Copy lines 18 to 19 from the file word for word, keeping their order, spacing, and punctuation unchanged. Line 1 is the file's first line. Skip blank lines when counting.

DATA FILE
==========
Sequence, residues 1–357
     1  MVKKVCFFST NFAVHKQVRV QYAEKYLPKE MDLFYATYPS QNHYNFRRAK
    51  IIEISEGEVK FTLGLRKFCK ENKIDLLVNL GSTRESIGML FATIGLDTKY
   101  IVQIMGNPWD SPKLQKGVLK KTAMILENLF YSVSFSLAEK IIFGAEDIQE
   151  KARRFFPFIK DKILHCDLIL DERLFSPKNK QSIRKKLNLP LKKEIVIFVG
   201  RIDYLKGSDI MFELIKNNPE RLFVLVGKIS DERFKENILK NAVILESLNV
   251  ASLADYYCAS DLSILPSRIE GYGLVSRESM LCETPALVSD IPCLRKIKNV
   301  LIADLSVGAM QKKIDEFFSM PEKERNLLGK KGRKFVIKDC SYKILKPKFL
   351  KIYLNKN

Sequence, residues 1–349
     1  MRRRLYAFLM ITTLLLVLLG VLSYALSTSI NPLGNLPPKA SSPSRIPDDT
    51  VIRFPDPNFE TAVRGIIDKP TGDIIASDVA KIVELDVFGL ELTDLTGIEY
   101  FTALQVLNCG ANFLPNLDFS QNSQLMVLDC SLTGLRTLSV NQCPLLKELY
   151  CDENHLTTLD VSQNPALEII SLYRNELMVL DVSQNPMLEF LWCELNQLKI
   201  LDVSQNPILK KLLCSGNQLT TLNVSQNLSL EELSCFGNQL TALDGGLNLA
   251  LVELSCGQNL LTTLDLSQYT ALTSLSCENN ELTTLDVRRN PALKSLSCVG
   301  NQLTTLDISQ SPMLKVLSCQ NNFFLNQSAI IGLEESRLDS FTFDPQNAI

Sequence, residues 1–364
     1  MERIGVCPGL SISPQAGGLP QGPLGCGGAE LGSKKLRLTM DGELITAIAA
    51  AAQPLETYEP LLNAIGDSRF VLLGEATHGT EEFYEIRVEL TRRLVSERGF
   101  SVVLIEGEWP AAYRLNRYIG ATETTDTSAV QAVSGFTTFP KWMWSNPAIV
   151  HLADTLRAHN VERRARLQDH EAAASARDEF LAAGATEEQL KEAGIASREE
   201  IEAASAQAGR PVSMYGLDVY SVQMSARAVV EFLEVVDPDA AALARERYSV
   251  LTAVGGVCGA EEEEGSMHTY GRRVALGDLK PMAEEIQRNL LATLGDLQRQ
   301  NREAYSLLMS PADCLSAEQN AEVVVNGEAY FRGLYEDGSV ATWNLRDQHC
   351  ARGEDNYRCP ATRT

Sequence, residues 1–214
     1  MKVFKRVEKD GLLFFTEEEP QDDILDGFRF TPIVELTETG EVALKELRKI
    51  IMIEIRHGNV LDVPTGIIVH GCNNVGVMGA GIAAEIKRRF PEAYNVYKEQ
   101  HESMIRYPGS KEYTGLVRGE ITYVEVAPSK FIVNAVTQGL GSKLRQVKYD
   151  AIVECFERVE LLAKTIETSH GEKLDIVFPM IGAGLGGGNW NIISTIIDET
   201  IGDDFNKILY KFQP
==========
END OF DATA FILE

Sequence, residues 1–364
     1  MERIGVCPGL SISPQAGGLP QGPLGCGGAE LGSKKLRLTM DGELITAIAA